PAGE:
The promoters of a sold-out charity concert in the Hamptons that drew harsh criticism for social distancing violations over the summer will be fined $20,000 -- and Southampton will no longer be able to approve group gathering permits without prior approval from the state, Gov. Andrew Cuomo said Wednesday.
The state Department of Health launched an immediate investigation into the July "drive-in" concert, headlined by The Chainsmokers, after images of large crowds went viral on social media. At the time, Cuomo said he was "appalled" by what he saw. On Wednesday, he still appeared to be in disbelief it happened.
"Frankly, I don't understand what they were thinking," Cuomo said, adding that the town will have to get state approval for any outdoor event permits from now on.
Southamptown Town Supervisor Jay Schneiderman said that they've already been doing that, even though "it's a standard no other town has to go through," and that Cuomo's use of the term sanction may not be proper. He also reiterated that while the town issued permits for the concert, it was the organizers who created the COVID dangers.
“We followed the rule when we issued the permit and the state may feel otherwise,” he said. “It’s challenging when an event organizer doesn’t follow the rules.”
“If we made a mistake let us know what it is and give us a chance to fix it,” he added.
The organizers of the concert had no comment regarding the fines imposed by the governor.
More than 2,100 people attended the drive-in concert, which the state said violated an executive order and public health law. More than 200 people were close together in a VIP section, many of whom were not wearing masks.
The idea had been to allow attendees to enjoy the performances from inside their vehicles or outside but within parking spot lines. But some footage, including one video that has been viewed millions of times, seemed to show people mingling, many of them without masks.
The event had all the promise of a safe and fun experience, at least as detailed by the organizers' webpage and given the restrictions outlined in the town's response to Zucker. Both described how ticket holders were given 20-by-20 foot or 20-by-15 foot parking spaces that were not to be left except for restroom access. The size of the space depended on the ticket price, some of which went for up to $25,000.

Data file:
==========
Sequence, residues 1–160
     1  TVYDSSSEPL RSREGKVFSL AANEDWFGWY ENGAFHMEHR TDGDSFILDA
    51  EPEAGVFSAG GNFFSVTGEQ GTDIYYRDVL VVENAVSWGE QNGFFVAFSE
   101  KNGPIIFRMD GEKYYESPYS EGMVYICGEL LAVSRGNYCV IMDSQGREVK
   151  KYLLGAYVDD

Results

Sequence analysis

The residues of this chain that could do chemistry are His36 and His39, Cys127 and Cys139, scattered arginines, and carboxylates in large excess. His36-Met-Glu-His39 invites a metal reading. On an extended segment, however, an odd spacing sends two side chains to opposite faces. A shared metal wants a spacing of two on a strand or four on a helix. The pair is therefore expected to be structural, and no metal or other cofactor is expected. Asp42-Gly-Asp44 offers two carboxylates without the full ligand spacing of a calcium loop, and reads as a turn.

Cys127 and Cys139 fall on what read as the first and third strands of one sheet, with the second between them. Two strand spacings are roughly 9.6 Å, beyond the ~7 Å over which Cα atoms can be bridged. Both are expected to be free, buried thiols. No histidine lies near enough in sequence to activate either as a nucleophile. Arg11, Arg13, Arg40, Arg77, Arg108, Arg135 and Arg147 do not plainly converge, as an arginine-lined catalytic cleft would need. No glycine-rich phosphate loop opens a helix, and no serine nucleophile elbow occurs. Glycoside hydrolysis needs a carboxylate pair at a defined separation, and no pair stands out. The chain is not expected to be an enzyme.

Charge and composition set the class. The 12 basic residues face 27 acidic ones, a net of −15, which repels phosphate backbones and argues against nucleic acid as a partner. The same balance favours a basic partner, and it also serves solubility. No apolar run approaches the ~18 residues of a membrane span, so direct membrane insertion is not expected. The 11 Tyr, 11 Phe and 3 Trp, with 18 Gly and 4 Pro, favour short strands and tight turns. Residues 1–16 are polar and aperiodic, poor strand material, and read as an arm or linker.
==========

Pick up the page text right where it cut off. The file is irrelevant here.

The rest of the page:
Face coverings, which the town said were given out to all guests, were required for event staff and concertgoers who left their "assigned tailgate area" to use the restroom. Hand sanitizing stations were also positioned in every row of the concert area, along with two security guards per row assigned to enforcement.
All was going well -- to a point. And local authorities said they shut down the "drive-in" concert once people started to rush the stage. The town later said it was "disturbed" by what unfolded.
"The Town is greatly disturbed by reports of what occurred at the event and are investigating this matter and will hold the organizers accountable," the letter from Southampton Town Attorney James Burke read in part, and offered "official aerial video documenting site conditions" to aid in the state's investigation.
The concert organizers issued a statement as well shortly after the fracas back in July, saying in part that they "made best efforts to ensure New York's social distancing guidelines were properly maintained...the criticism based on a two-second video does not actually depict the entire event. This video is misleading."
The benefit concert was said to raise funds for No Kid Hungry, Southampton Fresh Air Home, and the Children's Medical Fund of New York.